How to Replace Saturn Temp Sensorsby Baptist Johnson
The Saturn brand was created by General Motors and discontinued in 2010. However, its lineup continues to be sold privately in the retail market. The Saturn lineup includes the S-series, the L-series, Vue, Ion, Sky and Aura. Underneath the hood of Saturn vehicles, the coolant temperature sensor helps monitor and regulate the engine temperature. The temperature sensor alerts the engine control computer when the engine is overheating. Replacing the temperature sensor is strongly recommended if you suspect the sensor is damaged.
Park your vehicle in a safe location on even ground. Engage the parking brake or apply tire stops to prevent the vehicle from rolling while you are replacing the temperature sensors. Open the hood of the vehicle. Disconnect the negative cable from the battery.
Locate the coolant temperature sensor in the hood area. For the S-series and the L-series, the sensor is mounted to the top of the engine block on the driver's side. An easy way to find the sensor is to trace the radiator hose until you reach the engine block. Look just below where the radiator hose connects to the engine block and you should see the sensor.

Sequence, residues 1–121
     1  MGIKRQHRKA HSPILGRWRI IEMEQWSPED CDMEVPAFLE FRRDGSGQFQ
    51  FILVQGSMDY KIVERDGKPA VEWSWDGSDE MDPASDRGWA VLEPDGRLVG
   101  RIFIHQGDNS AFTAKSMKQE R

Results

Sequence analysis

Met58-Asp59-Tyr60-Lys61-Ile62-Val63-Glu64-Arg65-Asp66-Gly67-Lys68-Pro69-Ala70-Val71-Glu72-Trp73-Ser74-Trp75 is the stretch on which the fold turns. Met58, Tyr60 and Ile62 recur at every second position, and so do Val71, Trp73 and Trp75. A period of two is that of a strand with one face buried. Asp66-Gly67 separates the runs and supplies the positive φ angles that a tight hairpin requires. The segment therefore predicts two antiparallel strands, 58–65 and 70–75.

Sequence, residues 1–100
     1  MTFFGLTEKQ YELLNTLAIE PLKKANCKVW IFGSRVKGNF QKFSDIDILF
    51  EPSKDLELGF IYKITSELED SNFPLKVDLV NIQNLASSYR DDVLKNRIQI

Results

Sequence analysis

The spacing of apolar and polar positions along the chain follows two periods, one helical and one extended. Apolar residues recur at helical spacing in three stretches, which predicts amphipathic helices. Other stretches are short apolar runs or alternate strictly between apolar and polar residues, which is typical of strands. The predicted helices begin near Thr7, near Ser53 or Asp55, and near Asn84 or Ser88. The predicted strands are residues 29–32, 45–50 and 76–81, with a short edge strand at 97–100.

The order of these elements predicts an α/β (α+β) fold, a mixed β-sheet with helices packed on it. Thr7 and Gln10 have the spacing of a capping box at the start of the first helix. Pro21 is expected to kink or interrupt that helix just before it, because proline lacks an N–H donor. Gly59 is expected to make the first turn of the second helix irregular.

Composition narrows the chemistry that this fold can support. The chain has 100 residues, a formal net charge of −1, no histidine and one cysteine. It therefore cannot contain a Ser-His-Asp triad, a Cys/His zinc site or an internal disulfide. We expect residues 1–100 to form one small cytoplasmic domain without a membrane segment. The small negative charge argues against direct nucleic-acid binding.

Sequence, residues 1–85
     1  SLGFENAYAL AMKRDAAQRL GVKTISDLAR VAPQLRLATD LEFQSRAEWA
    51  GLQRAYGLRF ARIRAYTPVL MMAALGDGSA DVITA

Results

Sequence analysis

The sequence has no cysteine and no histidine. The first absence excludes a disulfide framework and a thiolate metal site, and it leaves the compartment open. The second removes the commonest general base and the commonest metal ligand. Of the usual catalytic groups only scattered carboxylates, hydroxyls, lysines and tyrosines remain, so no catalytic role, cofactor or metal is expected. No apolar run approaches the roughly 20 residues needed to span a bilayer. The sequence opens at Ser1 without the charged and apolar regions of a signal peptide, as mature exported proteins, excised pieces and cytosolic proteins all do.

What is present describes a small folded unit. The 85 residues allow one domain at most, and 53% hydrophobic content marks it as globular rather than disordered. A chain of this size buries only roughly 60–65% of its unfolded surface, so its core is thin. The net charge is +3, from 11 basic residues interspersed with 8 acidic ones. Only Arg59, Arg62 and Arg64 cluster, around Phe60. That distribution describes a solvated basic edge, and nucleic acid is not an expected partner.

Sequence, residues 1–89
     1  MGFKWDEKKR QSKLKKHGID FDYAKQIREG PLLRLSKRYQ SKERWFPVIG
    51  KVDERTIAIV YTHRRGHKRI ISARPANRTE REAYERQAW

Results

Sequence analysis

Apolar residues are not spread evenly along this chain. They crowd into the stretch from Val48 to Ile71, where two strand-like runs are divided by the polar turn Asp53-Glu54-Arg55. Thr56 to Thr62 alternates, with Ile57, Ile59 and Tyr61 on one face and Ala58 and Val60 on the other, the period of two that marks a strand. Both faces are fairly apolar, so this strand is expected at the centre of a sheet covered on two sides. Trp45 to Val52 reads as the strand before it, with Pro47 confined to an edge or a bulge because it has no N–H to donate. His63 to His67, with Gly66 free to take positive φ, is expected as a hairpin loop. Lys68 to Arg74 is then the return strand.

Identify the engine coolant temperature sensor as a black and copper-colored prong sticking out of the engine block. The sensor will also be attached to two wires. Grasp the sensor wires between your fingers and pull them gently away from the engine. Inspect the sensor wires for corrosion.
Disconnect the sensor from the engine using a ratchet. Take your time removing the sensor and be careful not to allow the sensor to fall below the engine. Replace the old sensor with a new sensor. Attach the replacement sensor to the engine using a ratchet and make sure it is secured tightly.
Connect the sensor wires to the sensor by simply pressing them firmly on top of the sensor. Attach the negative cable to the battery. Check your coolant level and refill if necessary.
- For your safety, wear gloves and protective eye wear when performing maintenance on your vehicle.
Things You'll Need
- New coolant temperature sensor
- Quarter-inch drive ratchet
- 13mm deep socket
- Protective eye wear
Baptist Johnson was first published in 2000 when a poem he wrote won first prize in a local writing contest. He also writes and edits for Etched Press Society, a micro-publishing company based in Wilmington, N.C. Johnson has a Bachelor of Science in business administration from East Carolina University.